- A remediation plan to address the problem(s) within a specified time frame. Remediation plans set clear objectives and identify procedures for meeting those objectives. Possible remedial steps include but are not limited to:
- Increased supervision, either with the same or other supervisors
- Additional readings
- Changes in the format or areas of emphasis in supervision
- Recommendation or requirements of personal therapy, including clear objectives which the therapy should address
- Recommendation or requirement for further training to be undertaken
- Recommendation or requirement of a leave of absence (with time to be made up at no cost to the institution)
The trainee is also invited to provide a written statement regarding the identified problem(s). As outlined in the remediation plan, the supervisor, Director of Training, and the trainee will meet to discuss trainee’s progress at a specified reassessment date. As part of this process, the Training Director will contact the trainee’s graduate program to notify them that the trainee requires a remediation plan and will see the program’s input to the plan (with the exception of post-doctoral residents). The Director of Training documents the outcome and gives written notification to the trainee and supervisor(s). VA office of Academic Affiliations (OAA) and the facility Assistant Chief of Service, Education will also be notified when a remediation plan has been implemented and may be utilized by the program for further consultation.
D. Probation Notice – This step is implemented when problematic behavior(s) are deemed to be more serious by the Training Committee and/or when repeated efforts at remediation have not resolved the issue. The trainee will be given written statement that includes the following documentation:
- A description of any previous efforts to rectify the problem(s)
- Notification of and/or consultation with the trainee’s graduate program regarding further courses of action (with the exception of post-doctoral residents)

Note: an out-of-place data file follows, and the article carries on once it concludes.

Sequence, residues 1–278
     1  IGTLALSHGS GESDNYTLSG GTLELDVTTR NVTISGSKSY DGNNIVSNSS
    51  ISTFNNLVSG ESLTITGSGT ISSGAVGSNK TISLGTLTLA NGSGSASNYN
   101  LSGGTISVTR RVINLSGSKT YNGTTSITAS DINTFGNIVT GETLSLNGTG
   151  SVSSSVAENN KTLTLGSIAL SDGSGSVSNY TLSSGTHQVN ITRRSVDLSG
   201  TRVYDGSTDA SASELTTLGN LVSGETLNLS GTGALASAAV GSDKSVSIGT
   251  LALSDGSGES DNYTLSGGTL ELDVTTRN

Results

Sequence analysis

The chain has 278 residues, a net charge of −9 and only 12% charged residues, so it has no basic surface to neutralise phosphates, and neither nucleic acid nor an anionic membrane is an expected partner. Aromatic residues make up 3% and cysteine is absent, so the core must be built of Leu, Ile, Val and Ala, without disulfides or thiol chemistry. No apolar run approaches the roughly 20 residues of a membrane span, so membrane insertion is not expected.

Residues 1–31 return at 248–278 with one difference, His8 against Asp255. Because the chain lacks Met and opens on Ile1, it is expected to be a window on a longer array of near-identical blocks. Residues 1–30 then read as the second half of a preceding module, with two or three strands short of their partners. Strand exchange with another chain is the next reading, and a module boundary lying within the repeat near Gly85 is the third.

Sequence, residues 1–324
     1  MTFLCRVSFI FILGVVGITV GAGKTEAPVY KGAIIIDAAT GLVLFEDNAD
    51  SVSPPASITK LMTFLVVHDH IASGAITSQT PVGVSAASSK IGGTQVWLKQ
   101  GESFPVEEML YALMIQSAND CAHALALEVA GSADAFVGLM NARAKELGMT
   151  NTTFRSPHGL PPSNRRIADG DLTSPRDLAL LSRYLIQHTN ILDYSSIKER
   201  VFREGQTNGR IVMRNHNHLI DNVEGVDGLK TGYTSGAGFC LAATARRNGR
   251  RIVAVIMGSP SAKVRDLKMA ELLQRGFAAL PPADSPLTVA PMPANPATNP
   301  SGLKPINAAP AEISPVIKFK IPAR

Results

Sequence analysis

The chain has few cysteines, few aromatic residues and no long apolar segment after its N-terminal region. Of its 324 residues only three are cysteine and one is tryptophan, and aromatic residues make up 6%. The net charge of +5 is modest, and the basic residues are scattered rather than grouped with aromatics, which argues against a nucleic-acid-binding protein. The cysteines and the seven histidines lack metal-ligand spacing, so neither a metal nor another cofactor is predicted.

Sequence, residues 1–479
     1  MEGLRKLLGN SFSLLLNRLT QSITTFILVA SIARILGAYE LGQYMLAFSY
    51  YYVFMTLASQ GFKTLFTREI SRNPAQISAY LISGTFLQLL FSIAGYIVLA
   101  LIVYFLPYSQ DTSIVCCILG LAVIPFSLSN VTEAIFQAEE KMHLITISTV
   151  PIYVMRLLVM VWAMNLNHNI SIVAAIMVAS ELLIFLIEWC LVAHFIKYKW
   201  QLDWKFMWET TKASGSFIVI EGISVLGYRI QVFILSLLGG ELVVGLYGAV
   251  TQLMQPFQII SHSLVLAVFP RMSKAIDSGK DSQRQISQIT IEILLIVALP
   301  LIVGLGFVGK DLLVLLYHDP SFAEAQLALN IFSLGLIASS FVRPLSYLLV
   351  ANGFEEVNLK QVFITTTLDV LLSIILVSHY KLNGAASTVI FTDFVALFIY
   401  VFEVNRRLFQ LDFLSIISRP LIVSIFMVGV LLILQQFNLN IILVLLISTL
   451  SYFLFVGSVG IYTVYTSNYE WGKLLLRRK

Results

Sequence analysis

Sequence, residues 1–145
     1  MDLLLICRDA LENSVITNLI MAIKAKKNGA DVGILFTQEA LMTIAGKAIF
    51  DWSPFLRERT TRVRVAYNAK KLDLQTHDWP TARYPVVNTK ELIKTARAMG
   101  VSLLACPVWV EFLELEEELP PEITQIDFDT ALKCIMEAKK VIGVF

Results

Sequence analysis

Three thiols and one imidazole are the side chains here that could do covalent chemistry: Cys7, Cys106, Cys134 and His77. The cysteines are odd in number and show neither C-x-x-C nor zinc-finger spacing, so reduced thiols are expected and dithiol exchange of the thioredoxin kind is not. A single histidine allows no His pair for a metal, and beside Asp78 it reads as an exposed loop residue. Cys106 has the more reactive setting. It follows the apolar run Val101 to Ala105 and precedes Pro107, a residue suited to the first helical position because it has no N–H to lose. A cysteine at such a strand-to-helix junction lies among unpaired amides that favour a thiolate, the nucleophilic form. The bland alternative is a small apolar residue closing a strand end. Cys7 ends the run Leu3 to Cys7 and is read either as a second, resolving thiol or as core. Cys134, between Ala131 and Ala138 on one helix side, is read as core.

- Specific recommendations for resolving the problem(s)
- A specified time frame for the probation during which the problem is expected to be rectified and procedures for assessing this.
Again, as part of this process, the trainee is invited to provide a written statement regarding the identified problem(s). As outlined in the probation notice, the supervisor(s), Director of Training, trainee, and a representative from the trainee’s graduate program (optional) will meet to discuss the trainee’s progress at the end of the probationary period. The Director of Training documents the outcome and gives written notification to intern, supervisor, the graduate program, and the facility Chief of Human Resources.
VA Office of Resolution Management (ORM) –
Department of Veterans Affairs
Office of Resolution Management (08)
810 Vermont Avenue, NW, Washington DC 20420
1-202-501-2800 or Toll Free 1-888-737-3361
This department within the VA has responsibility for providing a variety of services and programs to prevent, resolve, and process workplace disputes in a timely and high quality manner. Services and programs include:
- Prevention: programs that insure that employees and managers understand the characteristics of a healthy work environment and have the tools to address workplace disputes.